New U.S. tax law could have substantial impact on Canadians
By AdvocateDaily.com Staff
The U.S. tax reform could have a significant impact on both Canadian companies and individuals looking to conduct business south of the border, U.S. tax accountant Brandon Vucen tells AdvocateDaily.com.
On Jan. 1, 2018, several changes introduced by the Tax Cuts and Jobs Act came into force, with the potential implications for Canadian businesses and individuals ranging from a significant cut in the corporate tax rate, reduction in individual income tax rates, to higher limits to the estate tax exemption, explains Vucen, a principal of U.S. Tax IQ.
Corporate tax implications
On the corporate side, one of the most significant changes, says Vucen, is the government’s move to lower the corporate tax rate — from the highest marginal rate of 35 per cent to a flat tax rate of 21 per cent — which, he says, has levelled the playing field between the U.S. and Canada. In addition, the bill repeals the corporate Alternative Minimum Tax, but that change is unlikely to benefit a lot of businesses due to net operating loss limitation.
“Where some Canadian businesses may have been hesitant to expand into the U.S. because of the higher corporate tax rate, they may have rather an incentive to operate in the U.S. under the new law,” he adds.
The tax rate decrease will also impact Canadians looking to invest in real estate in the U.S., he adds. Holding U.S. real property through a Canadian corporation may be an option.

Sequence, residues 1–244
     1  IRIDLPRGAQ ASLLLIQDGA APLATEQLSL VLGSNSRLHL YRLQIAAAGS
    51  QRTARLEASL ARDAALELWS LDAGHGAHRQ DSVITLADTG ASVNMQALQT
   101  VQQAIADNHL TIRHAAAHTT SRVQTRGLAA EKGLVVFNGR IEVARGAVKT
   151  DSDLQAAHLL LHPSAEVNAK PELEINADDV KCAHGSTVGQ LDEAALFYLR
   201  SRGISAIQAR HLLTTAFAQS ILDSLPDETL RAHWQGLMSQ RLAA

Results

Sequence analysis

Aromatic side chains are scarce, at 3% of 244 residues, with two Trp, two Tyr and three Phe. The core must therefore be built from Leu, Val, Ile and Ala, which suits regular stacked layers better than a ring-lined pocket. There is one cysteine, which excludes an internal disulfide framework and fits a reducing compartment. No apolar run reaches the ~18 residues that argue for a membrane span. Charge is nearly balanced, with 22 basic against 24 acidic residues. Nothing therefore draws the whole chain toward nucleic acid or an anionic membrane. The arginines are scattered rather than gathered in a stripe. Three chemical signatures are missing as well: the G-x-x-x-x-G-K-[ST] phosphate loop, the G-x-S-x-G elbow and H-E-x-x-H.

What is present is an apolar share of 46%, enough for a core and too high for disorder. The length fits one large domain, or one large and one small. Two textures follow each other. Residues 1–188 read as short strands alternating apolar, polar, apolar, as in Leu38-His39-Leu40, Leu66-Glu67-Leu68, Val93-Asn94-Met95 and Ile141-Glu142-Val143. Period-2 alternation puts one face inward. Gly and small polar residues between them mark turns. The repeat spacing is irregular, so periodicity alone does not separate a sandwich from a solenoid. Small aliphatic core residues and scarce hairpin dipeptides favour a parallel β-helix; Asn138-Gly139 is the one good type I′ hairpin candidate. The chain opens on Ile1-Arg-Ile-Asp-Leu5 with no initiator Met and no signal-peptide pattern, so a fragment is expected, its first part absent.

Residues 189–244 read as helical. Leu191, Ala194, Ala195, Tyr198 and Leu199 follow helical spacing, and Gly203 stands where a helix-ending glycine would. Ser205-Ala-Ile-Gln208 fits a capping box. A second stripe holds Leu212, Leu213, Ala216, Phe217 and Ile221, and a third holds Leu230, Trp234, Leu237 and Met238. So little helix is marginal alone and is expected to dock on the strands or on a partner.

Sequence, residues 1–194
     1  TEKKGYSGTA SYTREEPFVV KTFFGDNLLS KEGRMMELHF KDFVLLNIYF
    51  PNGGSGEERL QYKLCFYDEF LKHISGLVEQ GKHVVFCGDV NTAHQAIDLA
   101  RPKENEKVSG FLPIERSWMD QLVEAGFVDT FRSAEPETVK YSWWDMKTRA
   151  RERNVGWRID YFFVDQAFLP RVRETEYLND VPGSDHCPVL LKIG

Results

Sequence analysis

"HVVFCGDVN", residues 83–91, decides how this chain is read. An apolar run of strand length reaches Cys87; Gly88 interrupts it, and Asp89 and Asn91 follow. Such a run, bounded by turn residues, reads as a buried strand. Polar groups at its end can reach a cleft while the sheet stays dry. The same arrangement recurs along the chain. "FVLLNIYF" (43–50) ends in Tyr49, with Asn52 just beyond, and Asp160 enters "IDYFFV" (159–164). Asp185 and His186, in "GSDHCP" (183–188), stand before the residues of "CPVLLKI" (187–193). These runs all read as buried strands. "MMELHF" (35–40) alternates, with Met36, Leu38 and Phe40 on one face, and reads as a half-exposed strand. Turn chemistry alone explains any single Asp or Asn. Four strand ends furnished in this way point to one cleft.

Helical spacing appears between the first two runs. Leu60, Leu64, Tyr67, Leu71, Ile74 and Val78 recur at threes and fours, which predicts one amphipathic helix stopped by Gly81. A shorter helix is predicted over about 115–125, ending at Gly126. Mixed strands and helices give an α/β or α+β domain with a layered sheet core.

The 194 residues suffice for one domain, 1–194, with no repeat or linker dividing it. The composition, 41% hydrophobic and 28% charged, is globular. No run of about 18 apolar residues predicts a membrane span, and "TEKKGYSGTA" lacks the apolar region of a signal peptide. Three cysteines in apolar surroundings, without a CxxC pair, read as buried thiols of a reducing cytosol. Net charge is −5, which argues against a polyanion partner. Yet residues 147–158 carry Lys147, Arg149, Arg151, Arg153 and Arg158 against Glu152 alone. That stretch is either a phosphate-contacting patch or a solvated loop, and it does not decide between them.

Capital assets and interest expense deduction
Another positive development for businesses, says Vucen, is the ability to depreciate or write off 100 per cent of the capital cost of qualified property in the year the property is acquired, as opposed to the previous method of writing it off over a number of years, as well as increase in the expense limitation provision to US$1 million.
Less favourably, however, businesses that finance their operations through intercompany debt and pay interest to a foreign-related party could previously deduct up to 50 per cent of adjusted taxable income; this threshold has now been reduced to 30 per cent.
Net operating losses
Under the old law, business losses from prior years could be deducted in future tax years at 100 per cent (although there could be alternative minimum tax implications), Vucen says. Now, in any given year, companies will only be able to use a maximum of 80 per cent of their net operating losses, he says.
“This provision is especially disadvantageous for certain taxpayers in cyclical industries, such as mining, where you are limited to the amount that can be utilized in a given tax year," Vucen says.
Tax implications for Canadians
Overall, the recent changes have resulted in a tax rate reduction for individuals in the U.S. In the highest personal income tax bracket. For example, Vucen says, the marginal tax rate was previously 39.6 per cent and is now 37 per cent.